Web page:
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Internal Medicine


Introduction: Sweet's syndrome (ss), or acute febrile neutrophilic dermatosis, is characterized by sudden onset of fever, leukocytosis and erythematous plaques or nodules infiltrated by neutrophils. There are three main clinical settings in which Sweet's syndrome has been described: The diagnosis of Sweet’s syndrome often has a temporal association with the discovery or relapse of cancer as reported in this case.

Case Report: A 64-year-old woman with recurrent breast cancer on targeted and hormonal therapy presented to the ED with acute onset of fever and diffuse non-tender body rash. Vitals suggested sepsis and she was treated with broad spectrum antibiotics. A chest xray, viral panel, blood cultures, echocardiogram and urinalysis were unrevealing. Erythrocyte sedimentation rate and C-reactive protein were elevated. There were 90% neutrophils. When her erythematous plaques became vesicular, she was treated with IV Acyclovir for possible disseminated zoster. This was discontinued when biopsy for HSV/HZV returned negative. Skin biopsy, however, showed dense neutrophilic infiltration consistent with Sweet Syndrome. Treatment with prednisone resulted in rapid clinical improvement.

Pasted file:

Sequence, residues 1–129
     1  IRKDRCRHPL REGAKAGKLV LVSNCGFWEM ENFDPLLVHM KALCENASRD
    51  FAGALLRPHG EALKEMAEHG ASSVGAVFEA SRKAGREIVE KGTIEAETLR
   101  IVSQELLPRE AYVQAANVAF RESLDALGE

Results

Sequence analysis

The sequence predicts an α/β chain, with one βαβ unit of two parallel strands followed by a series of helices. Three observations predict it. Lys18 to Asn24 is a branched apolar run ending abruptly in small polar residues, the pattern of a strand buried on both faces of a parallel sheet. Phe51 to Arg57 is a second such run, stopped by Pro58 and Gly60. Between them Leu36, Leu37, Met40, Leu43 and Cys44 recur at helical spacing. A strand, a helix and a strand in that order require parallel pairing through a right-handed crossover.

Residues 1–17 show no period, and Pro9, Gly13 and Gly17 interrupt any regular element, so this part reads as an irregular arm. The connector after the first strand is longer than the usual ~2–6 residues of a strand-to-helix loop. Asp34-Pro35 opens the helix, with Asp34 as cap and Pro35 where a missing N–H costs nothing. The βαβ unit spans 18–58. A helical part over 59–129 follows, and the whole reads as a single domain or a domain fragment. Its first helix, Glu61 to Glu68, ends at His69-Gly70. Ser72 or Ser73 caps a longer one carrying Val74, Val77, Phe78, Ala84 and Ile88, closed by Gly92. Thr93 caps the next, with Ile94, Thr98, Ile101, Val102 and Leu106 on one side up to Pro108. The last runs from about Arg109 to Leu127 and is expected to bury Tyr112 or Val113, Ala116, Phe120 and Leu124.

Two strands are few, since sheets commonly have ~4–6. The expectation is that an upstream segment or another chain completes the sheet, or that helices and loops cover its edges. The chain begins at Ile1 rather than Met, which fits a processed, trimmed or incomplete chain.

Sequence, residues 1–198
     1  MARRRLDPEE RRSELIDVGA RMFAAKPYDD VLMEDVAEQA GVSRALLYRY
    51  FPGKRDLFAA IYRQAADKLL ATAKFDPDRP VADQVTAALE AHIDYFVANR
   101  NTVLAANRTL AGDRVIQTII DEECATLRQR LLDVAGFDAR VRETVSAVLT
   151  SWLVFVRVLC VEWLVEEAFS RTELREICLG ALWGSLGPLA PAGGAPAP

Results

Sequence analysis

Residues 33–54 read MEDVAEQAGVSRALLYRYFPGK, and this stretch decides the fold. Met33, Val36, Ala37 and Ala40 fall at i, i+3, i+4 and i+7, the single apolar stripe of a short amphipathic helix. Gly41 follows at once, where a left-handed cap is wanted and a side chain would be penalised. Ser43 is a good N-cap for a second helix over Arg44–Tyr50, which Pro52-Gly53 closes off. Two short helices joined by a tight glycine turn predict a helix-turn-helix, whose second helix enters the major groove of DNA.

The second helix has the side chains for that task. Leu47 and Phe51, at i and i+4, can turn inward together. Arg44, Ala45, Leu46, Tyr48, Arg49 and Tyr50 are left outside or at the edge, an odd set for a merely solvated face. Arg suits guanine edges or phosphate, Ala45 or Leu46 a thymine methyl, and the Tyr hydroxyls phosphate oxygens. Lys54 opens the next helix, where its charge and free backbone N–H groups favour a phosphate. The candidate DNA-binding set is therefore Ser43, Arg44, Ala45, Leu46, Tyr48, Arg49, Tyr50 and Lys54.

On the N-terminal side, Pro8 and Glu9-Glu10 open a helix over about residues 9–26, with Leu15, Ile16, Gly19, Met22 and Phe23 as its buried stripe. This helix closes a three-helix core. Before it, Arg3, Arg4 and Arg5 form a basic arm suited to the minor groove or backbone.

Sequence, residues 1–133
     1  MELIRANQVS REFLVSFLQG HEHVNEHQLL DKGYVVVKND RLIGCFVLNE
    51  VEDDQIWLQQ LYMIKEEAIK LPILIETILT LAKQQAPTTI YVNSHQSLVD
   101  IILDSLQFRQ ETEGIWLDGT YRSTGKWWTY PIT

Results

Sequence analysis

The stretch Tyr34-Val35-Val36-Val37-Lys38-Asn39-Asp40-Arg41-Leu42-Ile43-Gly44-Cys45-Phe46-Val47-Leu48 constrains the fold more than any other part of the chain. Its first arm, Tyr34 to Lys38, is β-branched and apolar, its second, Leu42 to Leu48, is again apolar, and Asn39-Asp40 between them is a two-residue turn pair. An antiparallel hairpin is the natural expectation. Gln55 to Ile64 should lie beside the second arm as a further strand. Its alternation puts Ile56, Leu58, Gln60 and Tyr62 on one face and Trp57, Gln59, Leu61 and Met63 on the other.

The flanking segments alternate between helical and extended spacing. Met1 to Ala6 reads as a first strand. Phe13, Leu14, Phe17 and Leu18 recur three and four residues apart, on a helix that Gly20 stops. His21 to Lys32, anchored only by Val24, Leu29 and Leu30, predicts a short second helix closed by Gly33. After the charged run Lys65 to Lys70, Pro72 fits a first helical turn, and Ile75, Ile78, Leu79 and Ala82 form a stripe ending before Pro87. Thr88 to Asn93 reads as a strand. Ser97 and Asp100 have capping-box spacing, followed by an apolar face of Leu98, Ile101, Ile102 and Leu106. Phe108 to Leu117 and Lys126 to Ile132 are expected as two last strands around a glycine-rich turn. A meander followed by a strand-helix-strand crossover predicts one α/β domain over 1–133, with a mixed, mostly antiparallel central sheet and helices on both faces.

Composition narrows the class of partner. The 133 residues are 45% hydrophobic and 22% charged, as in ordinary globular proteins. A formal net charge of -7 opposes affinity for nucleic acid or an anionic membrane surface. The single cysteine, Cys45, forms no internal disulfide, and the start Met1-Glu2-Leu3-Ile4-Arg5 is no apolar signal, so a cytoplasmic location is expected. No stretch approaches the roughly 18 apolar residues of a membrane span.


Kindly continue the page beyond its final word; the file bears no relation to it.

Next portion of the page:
Discussion: Historically, the diagnosis of SS requires the presence of painful erythematous lesions (both Major Criteria and two of four Minor Criteria). The absence of pain and tenderness in this patient made the diagnosis challenging. After extensive evaluation to rule out infectious etiology, it was revealed through skin biopsy that her syndrome was more consistent with Sweet Syndrome despite having non-tender lesions. Given her recent recurrence of breast cancer, it was thought that her SS was more consistent with Malignancy-Associated SS (MASS) subtype. MASS is most commonly associated with hematological malignancies such as AML, but also occurs coincident with solid tumors, such as carcinomas of GU organs, breast, and GI tract. In patients with a previous history of cancer, the diagnosis of SS usually heralds the onset of recurrence. Sweet syndrome may precede, follow, or appear concurrently with a malignancy. This patient was found to have a recurrence of breast cancer in the form of bone metastases two months prior to admission. In summary, this case demonstrates an atypical painless presentation of SS and how evaluation for malignancy is indicated for patients with SS, particularly when there is an absence of other explanations such as recent infection, inflammatory disease or drug exposure. Treatment : Prednisone 0.5mg to 1mg/kgper day. Symptoms usually improve within 48 hours and skin lesions resolves within 1 to 2 weeks. Steroid is then taper over course of 4 to 6 weeks.


Internal Medicine


Graduate Medical Education

Conference / Event Name

Academic Achievement Day, 2020


Providence St. Vincent, Internal Medicine Residency, Portland, Oregon

Unpainfully Sweet